There are many advantages to owning a mutual fund, and so many people do. The beauty of owning a mutual fund is you are owning a whole portfolio of stocks instead of just one. By diversifying your investment, you are lowering your risk. I believe that everyone should practice diversification, because you don’t want all your eggs in one basket. Companies are more risky than most people may realize, but a portfolio of 5 stocks or more helps to reduce this risk. A mutual fund usually has many more holdings than just 5, and so the downside risk is decreased even more. However, there are some downfalls to mutual funds, which I will talk about in this post.
First off, mutuals funds aren’t as successful as we all seem to think. The professionals actually underperform the S&P average in most cases. Here’s a shocking stat: 75% of balanced 1 star mutual funds in 2005 no longer existed 5 years later. Want another one? The S&P Composite fund, which is an index fund, beat 89% of actively managed mutual funds in 2012. Stats like this aren’t hard to find and consistently reinforce the fact that mutual fund managers aren’t any better than anyone else. In fact, they’re actually worse in most cases and there’s several reasons why.
Mutual Funds Look at the Short Term
Mutual fund managers are often concerned with the short term instead of the long term. This industry is merciless, just look to their actions to see how. If a fund manager is underperforming, he’s fired. Look at all the mutual fund prospectuses and you’ll see 1 year return percentages. You think the mutual fund companies aren’t doing everything in their power to maximize these percentages? The stock market goes in and out of fashions and seasons. One year a growth strategy may be the best, the next year it may be a value strategy. Truth is, prices fluctuate all the time, and a successful strategy is consistent and long term. A successful strategy rides out the lows as much as it rides out the highs, because the focus is a long term return. Bad investors are jumping in and out of the market, trying to time it and capitalize on it. These investors are trying to play God, and are blinded from reality. The most successful investors don’t have a secret, guys like Warren Buffett openly share that their success comes from patience and basic principles.
Ok enough ranting, so why do we care? Well like I said before, a strategy that is constantly changing and bailing out at the worst times is going to be extremely unsuccessful. Everyone says not to sell low, but in fact many are doing the opposite because they are changing strategies so often. Or like in this mutual fund case, a manager has had a few underperforming years and gets the boot. The fund brings in a new manager with a new methodology, and all the holdings from the first manager get sold at the absolute worst times. Flash forward a couple of years and those same stocks that were sold at such a low price probably have rebounded while the hot stocks the new manager picked have fizzled out like all trendy stocks do. Throughout the whole time, the only person really bothered by all of this are the mutual fund shareholders.
Also, with mutual funds the share price can quickly drop out of your control. Of course all investments can drop out in a quick period of time, but mutual funds can sometimes see the worst of this. If a fund is underperforming, not only are their holdings in a bad condition but also the amount of people pouring money into the fund. Where do you think most people go when a mutual fund does bad? The average investor will probably take their money somewhere else to get better returns, which will in turn hurt the share price and hurt you if you are a shareholder. Again, these investors will sell low at the worst time, and it will become contagious and encourage more selling and more outflows from the mutual fund. As you can see, it’s the vigorous cycle of life in the emotional world of the stock and mutual fund market.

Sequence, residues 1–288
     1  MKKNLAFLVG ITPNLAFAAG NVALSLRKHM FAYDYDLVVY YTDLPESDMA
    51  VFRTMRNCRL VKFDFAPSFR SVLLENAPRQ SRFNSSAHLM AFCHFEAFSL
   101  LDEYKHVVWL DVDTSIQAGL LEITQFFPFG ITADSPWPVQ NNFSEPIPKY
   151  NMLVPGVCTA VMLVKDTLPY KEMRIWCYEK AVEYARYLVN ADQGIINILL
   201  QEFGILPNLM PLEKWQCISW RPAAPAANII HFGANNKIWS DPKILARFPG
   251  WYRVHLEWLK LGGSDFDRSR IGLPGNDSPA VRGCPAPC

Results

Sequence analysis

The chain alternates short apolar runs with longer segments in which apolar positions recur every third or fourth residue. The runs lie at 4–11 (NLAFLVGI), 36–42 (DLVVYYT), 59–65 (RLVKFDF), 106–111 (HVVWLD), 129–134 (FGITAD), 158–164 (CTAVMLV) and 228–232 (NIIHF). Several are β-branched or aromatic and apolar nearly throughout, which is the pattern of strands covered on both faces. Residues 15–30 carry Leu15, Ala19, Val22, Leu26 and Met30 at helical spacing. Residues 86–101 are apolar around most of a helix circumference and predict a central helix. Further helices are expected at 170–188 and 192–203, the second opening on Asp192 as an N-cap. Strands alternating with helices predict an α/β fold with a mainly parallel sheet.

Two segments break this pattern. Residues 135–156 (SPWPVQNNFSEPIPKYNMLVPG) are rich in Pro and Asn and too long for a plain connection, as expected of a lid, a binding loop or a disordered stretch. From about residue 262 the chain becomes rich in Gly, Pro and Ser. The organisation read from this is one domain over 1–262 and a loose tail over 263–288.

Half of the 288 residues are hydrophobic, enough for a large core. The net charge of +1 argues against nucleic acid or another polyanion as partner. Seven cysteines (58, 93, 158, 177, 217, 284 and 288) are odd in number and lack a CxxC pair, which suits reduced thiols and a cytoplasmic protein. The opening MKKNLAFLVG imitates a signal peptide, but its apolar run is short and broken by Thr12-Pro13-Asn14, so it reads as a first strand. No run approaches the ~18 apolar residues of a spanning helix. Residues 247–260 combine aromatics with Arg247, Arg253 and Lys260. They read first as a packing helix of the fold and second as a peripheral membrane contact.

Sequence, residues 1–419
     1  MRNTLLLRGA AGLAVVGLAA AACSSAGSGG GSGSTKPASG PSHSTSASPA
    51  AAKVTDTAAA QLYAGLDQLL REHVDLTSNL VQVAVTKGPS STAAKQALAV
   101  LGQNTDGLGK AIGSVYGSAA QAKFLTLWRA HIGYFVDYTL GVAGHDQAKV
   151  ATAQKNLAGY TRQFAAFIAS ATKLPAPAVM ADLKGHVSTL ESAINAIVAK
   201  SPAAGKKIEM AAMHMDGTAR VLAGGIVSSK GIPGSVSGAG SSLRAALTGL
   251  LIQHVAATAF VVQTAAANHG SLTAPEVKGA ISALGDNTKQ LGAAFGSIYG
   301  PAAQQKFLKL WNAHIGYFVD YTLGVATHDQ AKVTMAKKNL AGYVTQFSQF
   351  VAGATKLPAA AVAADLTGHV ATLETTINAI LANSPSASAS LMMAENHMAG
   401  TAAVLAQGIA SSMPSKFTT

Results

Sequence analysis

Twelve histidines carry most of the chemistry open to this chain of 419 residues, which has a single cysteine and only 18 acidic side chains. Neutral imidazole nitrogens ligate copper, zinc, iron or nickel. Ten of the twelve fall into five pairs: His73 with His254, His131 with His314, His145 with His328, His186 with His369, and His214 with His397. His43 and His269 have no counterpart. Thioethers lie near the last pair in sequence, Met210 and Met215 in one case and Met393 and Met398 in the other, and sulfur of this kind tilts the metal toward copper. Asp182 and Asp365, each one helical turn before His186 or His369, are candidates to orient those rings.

Mutual Funds and the Wall Street Life
Another thing to consider about the mutual fund managers is how involved they are with the stock market. Think about it, most of these guys are in the pits of Wall Street, New York , and the stock exchange. Their whole lives revolve around these crazy green and red ticker symbols that flash in the quickness of a split second. These guys eat, drink, live, and breathe the stock market, and that isn’t a good thing. The fund managers will often get caught up in the craze as much as everyone else does. They will invest in what’s trendy. They will ignore basic valuations, because they “know better.” Some mutual fund managers will disregard the history of the stock market only to be burned by the same lessons of managers who came before them.
One of the most popular traits of the “Oracle of Omaha”, Warren Buffett, was that he is so disconnected from the stock market. He doesn’t panic when the whole city of New York falls into a panic, and he doesn’t get swept up into the emotions. This is a guy who has a boring investing strategy; it’s nothing new and nothing flashy, but it is effective over a long period of time. Some of the best investors are those who can turn off the blaring T.V., disconnect themselves from the chaos from the world, and remember that everything will be o.k. in the end. The investors who leave emotions out of it, and look at the numbers as cold hard facts. I pride myself in disconnecting from Wall Street and the stock market, because it makes me a prudent investor. There are some mutual fund managers who are good at doing this, but they are few and far between. Do you want to wade through to find this guy, against all statistics, or would you rather not take the chance? Read on to find out more reasons why mutual funds should be avoided and what the better alternative is.